House passes amendment limiting local property tax increases
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House passes amendment limiting local property tax increases

Date: April 1, 2008
By: Suvro Banerji
State Capitol Bureau
Links: HJR 43

Intro: The Missouri House passed a proposed constitutional amendment with an overwhelming majority that would limit local property tax increases. Suvro Banerji (SUE-vro BAN-er-gee) has more from the State Capitol.

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OutCue: SOC

The House passed a measure to force local governments to reduce their property tax rates whenever rising home values cause their tax revenues to increase by more than the rate of inflation.

Sponsor of the bill Representative Charles Portwood from St Louis area says the proposed amendment is a broad-based package to bring tax relief to the voters.

 

Actuality:  PORTCL.WAV
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Description: "We are doing that for the voters in the district...We are doing it for the seniors in our district who can no longer afford to live in their house because of the tax rates have moved them out..."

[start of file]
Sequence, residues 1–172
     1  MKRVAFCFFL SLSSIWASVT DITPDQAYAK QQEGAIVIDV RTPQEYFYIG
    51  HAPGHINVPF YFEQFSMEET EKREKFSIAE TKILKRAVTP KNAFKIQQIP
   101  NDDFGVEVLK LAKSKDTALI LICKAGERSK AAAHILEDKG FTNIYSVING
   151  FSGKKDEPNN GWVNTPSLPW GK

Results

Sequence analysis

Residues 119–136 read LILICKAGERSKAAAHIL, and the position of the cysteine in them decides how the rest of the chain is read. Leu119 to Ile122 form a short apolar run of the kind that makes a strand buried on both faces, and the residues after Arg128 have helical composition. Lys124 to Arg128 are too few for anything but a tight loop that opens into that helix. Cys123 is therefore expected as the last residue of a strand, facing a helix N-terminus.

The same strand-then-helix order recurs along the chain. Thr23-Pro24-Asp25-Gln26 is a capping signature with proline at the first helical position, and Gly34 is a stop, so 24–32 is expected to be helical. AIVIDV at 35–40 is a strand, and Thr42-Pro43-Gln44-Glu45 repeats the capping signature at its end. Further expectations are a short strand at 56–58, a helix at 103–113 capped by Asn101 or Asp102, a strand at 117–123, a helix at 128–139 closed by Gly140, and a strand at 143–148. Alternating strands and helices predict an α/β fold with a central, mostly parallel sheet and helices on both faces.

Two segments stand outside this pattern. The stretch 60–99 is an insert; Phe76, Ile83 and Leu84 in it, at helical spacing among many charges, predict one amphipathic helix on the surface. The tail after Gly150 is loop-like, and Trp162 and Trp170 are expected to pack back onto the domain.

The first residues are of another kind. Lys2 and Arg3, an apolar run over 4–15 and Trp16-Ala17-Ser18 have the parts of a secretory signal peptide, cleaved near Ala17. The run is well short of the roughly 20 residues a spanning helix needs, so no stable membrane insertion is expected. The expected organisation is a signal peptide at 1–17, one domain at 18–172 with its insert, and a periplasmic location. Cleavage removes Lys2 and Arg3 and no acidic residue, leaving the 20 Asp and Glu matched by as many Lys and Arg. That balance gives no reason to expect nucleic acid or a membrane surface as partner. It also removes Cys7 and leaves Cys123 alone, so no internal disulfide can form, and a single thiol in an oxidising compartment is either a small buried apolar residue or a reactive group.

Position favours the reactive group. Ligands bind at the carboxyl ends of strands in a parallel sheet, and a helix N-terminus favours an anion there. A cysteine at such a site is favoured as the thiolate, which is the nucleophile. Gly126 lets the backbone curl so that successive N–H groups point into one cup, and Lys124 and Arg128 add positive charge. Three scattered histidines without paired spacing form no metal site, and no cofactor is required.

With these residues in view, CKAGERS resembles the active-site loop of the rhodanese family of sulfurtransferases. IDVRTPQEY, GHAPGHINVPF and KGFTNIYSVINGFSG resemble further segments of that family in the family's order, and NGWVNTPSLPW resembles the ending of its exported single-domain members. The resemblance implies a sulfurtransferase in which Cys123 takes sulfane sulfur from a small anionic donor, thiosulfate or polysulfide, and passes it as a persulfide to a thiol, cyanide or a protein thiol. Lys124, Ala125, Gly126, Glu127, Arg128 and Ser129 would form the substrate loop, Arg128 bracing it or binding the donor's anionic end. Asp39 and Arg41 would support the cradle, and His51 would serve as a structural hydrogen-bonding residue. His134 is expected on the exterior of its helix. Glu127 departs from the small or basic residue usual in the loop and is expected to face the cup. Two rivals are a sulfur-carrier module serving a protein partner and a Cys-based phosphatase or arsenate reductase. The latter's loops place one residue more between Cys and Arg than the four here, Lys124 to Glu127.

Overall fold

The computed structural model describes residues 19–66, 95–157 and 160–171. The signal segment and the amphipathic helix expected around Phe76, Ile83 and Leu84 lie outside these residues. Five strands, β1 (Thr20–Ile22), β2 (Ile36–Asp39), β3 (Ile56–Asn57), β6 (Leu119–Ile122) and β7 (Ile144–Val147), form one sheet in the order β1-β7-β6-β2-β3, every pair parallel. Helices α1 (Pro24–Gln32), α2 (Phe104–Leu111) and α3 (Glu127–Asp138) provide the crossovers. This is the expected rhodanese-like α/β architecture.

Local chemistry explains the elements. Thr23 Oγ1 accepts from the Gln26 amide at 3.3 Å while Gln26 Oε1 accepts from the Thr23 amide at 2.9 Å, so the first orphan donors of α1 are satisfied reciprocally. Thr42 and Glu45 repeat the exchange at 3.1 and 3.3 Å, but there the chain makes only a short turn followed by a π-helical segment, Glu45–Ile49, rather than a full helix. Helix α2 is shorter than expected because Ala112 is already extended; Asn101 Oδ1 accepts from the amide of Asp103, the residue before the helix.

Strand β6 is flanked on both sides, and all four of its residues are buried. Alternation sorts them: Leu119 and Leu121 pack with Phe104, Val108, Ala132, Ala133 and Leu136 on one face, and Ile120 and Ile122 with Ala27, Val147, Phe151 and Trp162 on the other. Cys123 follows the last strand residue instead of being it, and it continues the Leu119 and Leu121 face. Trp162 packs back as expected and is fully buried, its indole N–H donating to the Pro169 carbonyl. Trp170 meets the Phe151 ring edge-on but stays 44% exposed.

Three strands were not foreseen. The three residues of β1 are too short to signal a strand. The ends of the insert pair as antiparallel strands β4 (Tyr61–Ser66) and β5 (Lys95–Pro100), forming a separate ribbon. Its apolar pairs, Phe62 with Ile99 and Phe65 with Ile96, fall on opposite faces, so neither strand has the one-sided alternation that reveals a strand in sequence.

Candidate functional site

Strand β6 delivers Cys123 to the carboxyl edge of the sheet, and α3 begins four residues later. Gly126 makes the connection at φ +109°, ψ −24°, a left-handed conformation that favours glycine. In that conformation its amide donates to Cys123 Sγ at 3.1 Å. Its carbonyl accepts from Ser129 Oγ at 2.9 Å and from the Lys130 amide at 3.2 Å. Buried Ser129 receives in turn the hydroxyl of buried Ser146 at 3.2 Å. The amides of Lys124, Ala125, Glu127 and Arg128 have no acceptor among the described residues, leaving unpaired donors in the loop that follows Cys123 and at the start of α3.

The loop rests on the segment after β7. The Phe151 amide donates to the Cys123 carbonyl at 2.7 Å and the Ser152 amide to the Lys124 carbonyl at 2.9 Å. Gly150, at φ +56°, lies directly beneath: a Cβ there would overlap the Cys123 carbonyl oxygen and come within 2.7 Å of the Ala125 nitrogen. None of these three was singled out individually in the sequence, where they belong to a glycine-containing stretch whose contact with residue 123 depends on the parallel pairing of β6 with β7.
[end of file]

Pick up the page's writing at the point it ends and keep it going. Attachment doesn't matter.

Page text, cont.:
But a couple Democratic critics argue that the amendment has absolutely no relief mechanism for elderly house owners.

Reporting from Jefferson City, this is Suvro Banerji. 

 


Intro: A proposed constitutional amendment to limit local property tax increase will be on its way to appear on the Missouri ballot upon Senate's approval. Suvro Banerji (SUE-vro BAN-er-gee) has more from the State Capitol.  RunTime:0:49
OutCue: SOC

The Missouri House passed a proposed constitutional amendment that would mandate local governments to roll back their tax rates.

Proponents say the measure would prevent the schools, counties, cities and other local branches of government from gathering unexpected tax money when home values rise up.

But Democratic Representative from north-central Missouri Joe Aull say the proposed amendment would not necessarily be a tax break, but could be a tax increase.

 

Actuality:  AULL2.WAV
Run Time: 00:12
Description: "Since this bill would require to roll the levy back two years in a row, I think a lot of schools will say- I am not rolling back to first year- and if they don't roll it back to first year, that will be a tax increase."

Upon approval, the proposal would appear either on the November ballot or at an earlier special election if called by the governor.

From Jefferson City, this is Suvro Banerji.